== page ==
The risks and impact of infectious diseases are exacerbated in social organisms, which live in dense groups where pathogens can rapidly transmit between hosts. Theory predicts that disease dynamics will depend in large part on a group's composition and social interaction network, but empirical data are scarce.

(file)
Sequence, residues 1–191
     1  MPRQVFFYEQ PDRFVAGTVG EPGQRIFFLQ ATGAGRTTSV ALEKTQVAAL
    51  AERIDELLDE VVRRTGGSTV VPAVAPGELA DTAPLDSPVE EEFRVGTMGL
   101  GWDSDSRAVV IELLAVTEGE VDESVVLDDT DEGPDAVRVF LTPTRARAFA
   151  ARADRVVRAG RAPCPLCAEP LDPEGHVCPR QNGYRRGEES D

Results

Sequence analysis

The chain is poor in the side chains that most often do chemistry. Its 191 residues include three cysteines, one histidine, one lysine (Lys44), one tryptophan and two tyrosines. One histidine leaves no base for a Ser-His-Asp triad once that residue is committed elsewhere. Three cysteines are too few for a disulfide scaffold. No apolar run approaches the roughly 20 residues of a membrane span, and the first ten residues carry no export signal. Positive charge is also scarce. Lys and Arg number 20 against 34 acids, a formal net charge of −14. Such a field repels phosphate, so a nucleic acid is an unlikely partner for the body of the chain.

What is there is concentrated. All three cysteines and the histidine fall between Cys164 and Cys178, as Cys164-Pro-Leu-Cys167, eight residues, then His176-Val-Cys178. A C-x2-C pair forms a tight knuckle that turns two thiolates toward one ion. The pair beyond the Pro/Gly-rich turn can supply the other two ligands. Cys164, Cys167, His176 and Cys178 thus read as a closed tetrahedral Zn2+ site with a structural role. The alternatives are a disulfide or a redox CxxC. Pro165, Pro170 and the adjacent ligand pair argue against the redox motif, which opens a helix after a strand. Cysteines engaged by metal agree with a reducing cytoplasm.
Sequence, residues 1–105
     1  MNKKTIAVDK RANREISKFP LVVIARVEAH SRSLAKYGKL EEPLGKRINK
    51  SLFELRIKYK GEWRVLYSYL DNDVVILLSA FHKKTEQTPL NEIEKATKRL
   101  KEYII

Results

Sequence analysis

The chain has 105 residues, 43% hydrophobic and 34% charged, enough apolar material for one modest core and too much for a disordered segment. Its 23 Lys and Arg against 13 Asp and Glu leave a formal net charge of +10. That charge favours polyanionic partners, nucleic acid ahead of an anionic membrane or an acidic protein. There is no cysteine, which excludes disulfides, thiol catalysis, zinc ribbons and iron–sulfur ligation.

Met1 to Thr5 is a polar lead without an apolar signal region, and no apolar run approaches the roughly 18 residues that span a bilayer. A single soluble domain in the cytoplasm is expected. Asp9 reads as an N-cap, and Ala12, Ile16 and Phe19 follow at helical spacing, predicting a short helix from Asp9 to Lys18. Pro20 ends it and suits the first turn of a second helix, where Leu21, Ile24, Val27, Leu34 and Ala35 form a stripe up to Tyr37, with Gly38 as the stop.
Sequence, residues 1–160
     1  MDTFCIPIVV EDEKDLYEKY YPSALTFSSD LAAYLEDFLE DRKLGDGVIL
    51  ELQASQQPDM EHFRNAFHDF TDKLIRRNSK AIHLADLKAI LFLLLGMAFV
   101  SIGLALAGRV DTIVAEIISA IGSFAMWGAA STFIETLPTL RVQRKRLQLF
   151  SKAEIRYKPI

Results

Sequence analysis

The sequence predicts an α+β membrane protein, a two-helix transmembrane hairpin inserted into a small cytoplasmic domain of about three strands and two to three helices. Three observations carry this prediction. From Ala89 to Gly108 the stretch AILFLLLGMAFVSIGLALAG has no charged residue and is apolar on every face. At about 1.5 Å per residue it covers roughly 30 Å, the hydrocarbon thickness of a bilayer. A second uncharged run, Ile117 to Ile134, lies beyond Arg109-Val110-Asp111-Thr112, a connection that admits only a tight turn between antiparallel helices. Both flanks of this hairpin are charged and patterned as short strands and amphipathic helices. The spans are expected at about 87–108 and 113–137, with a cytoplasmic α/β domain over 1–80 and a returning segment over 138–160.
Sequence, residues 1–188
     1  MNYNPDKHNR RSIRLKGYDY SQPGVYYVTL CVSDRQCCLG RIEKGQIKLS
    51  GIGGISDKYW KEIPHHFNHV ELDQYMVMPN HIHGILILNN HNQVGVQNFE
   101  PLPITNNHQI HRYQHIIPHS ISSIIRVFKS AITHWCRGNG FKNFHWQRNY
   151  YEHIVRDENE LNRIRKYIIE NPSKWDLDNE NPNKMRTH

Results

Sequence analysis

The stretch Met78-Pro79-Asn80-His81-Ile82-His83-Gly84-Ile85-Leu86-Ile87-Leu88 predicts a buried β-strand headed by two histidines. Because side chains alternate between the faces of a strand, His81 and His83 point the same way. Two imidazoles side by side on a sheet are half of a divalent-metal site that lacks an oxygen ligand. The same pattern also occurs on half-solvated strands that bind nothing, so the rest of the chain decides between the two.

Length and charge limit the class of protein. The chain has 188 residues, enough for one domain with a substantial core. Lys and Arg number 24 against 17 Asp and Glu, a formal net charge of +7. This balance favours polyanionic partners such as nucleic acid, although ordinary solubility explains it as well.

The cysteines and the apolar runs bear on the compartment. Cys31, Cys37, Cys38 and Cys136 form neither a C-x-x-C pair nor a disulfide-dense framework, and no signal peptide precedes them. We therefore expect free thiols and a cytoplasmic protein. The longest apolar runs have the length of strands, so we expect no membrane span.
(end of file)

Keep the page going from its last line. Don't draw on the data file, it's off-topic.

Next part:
Our goal is to experimentally investigate the link between the composition of a social group, the structure of its interaction network, and its susceptibility to disease. To do this, we use a novel system, the clonal raider ant Ooceraea biroi, whose unusual biology gives us optimal control over the main aspects of colony composition (size, demographic and genetic composition) that are thought to modulate interaction network structure, and therefore, disease spread. We combine automated behavioral tracking with molecular tools to study how experimental colonies of different composition regulate behavior and immune function at the individual and group levels, and how this in turn affects disease resistance.
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